I now also agree that this is the case! The period photos I based
my colors on I know believe are of Sd.Kfz. 251 Ausf. A or B which
did have an ivory driver's area. The 251 Ausf. D’s interior
was completed in overall Dunkelgelb, same as on the exterior.
In this view we can see the interior details such as the flanges
just behind the driver’s seat, ammunition storage, and crew
seating. Note the location of the radios at the left center, moved
from the right front due to the location of the main gun. In the
gray colored 251/9 Ausf. C at far right you may be able to discern
the scratchbuilt pedestal mount.
The photos above of the Ausf. C with the Kanone 37 gun version can
be compared with the late 251/9 Ausf. D in the photos below. The
roof mount of the Kanone 51 gun freed some space in the crew compartment
and allowed the vehicle to be more easily converted, though was
higher in profile.
4. The Hasegawa 251/9 Ausf.
D late Stummel model
View of the right interior of the
partially assembled Hasegawa 251/9 Ausf. D kit with the crew seat
and ammunition ready-rack, but prior to detailing of the 7.5-cm
Kanone 51 gun. This Hasegawa kit shows the Part aftermarket brass
and the right side’s scratchbuilt ammunition ready-rack [the
Part brass part #75 is too large].
This photo shows the left interior
of the Hasegawa model with considerable detailing thanks to Part
etched brass and spare DML parts and sheet styrene. Items like the
ammunition bin latches were made from thin wire. The entire interior
was later painted in Panzer yellow, the same base color as the exterior.
5. Painting & Completion
of the two Sd.Kfz. 251/9 Models in 1/72
The two mostly completed Sd.Kfz. 251/9 models in 1/72 scale, still
waiting on final painting, front wheels, decal markings final weathering.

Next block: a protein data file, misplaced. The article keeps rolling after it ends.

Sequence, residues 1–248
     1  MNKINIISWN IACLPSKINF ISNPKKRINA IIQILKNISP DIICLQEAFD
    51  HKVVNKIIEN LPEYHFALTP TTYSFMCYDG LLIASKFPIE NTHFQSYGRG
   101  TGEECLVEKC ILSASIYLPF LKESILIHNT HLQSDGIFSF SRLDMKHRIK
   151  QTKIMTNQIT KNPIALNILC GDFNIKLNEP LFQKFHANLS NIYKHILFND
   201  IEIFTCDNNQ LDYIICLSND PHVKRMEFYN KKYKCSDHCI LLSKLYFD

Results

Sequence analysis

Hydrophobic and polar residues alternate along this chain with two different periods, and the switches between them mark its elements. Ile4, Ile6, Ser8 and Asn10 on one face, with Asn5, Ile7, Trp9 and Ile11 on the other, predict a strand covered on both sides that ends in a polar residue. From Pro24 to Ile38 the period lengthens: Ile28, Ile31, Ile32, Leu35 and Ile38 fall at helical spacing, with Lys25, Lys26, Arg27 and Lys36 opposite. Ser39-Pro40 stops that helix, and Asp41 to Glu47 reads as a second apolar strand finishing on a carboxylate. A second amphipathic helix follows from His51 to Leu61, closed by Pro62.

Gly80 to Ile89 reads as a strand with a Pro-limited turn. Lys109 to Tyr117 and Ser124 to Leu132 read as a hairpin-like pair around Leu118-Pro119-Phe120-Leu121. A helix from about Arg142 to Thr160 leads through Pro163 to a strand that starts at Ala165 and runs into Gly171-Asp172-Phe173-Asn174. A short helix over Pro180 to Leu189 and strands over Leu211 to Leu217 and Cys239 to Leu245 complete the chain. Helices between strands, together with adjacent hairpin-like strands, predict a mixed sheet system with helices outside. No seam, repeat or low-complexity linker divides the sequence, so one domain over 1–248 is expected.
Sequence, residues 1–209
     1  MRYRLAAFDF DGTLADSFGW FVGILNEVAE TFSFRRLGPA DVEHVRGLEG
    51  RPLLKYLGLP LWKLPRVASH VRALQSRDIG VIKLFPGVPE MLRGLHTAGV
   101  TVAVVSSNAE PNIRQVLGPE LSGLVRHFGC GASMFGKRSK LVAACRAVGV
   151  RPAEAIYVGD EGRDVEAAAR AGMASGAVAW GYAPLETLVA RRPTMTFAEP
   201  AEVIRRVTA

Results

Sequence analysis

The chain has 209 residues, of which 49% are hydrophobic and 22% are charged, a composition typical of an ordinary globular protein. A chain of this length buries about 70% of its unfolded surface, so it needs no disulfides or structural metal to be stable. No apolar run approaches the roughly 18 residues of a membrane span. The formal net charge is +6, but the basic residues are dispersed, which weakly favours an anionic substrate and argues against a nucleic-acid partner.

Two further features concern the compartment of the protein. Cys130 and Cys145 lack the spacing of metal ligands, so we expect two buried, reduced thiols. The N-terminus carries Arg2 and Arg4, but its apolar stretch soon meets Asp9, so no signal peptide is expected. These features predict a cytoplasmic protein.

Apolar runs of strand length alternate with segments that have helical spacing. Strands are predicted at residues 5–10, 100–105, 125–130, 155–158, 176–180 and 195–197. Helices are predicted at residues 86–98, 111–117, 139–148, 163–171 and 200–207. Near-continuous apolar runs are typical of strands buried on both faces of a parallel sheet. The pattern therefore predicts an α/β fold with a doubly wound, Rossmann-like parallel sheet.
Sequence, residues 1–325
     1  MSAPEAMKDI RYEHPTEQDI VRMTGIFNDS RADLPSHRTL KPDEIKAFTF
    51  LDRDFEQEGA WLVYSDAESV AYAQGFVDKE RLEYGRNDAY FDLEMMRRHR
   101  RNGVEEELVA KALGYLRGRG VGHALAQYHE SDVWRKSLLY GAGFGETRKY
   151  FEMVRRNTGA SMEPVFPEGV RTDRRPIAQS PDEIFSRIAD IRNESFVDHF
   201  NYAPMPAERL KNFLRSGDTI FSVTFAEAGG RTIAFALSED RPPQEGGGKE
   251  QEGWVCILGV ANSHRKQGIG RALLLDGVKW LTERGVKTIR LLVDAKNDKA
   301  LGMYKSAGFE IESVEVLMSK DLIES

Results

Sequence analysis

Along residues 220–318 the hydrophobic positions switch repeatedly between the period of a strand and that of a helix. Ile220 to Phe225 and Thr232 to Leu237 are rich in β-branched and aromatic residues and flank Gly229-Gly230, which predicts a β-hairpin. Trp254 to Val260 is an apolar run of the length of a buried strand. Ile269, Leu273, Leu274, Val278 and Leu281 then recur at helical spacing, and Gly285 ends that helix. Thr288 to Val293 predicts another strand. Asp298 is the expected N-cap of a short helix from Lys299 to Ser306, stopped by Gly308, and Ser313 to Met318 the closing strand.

Both compare well in width and length. This is a good opportunity
to examine the differences between the early 251/9 on the Ausf.
C body [in gray color] and the late 251/9 on the Ausf. D body [in
panzer yellow]. The early gun of the Ausf. C version sits lower,
protruding through the front next to the driver’s visor. The
bases are from old Matchbox 1/76-scale AFV models with diorama bases.
The rear ¾ view of the two
almost-complete models. From here we can see the changes between
the Ausf. C at left, and the Ausf. D at right; such as the change
in the rear doors and the storage bins. The Hasegawa model at right
has been upgraded with etched brass, open rear doors.
Ta Daaaaa…! Overhead view of
the two models. I am pleased to have received a gold medal for the
early Sd.Kfz. 251/9 Ausf. C (at right) at the AMPS East Contest
this past autumn 2008. Ammunition rounds and storage tubes are from
Attack Models resin Ammunition
Set No. 2 (Item #72322). The markings are water-slide decals
included in the model kits, except for the license numbers on both
models. Dragon’s and Hasegawa’s license plates comprise
a white rectangle and separate individual numbers and letters; this
effort takes the patience of a saint to put together and get the
numbers all straight and so were not used (I am not a saint no matter
what my family thinks). The markings were applied over an acrylic
gloss coat and then sealed in Model Master dullcoat. Hasegawa’s
model represents a vehicle of the 8th Company of the 2nd Battalion,